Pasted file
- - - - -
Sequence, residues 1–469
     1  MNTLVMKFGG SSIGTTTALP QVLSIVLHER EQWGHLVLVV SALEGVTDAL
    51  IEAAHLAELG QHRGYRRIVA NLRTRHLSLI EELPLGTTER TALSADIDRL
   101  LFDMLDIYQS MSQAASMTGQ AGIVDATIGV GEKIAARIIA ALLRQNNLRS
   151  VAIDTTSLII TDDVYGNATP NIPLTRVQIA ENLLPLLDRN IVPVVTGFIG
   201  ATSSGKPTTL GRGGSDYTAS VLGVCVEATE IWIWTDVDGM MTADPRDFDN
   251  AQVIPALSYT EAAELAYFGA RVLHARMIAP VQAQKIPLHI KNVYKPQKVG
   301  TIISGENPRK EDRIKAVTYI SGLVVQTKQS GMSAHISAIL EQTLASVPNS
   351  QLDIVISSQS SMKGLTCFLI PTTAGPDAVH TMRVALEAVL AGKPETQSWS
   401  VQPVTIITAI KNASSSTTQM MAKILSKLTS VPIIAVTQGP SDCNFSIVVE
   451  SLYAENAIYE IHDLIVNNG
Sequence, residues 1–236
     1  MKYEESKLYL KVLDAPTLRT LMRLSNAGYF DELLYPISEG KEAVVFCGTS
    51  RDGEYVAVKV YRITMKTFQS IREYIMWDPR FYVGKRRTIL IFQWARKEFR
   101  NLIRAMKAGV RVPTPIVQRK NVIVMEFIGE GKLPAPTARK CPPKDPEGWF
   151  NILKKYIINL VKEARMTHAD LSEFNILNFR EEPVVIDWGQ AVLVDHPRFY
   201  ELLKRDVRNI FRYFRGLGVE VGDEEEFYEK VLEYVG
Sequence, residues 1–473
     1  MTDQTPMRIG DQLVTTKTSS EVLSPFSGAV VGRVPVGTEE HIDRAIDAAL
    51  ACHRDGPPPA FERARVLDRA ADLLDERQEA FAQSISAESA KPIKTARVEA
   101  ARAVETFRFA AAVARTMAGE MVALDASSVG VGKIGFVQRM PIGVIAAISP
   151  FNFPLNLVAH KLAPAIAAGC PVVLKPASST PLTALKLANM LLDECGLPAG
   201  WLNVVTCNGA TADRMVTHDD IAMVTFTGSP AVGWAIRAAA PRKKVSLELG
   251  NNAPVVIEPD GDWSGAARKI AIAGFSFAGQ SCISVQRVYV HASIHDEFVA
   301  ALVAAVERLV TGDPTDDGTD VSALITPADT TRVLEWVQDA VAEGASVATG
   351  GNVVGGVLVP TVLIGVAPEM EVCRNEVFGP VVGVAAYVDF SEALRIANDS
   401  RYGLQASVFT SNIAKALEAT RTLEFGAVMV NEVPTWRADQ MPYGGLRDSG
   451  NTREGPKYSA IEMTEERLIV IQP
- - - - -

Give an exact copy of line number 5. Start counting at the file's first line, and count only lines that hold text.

   151  VAIDTTSLII TDDVYGNATP NIPLTRVQIA ENLLPLLDRN IVPVVTGFIG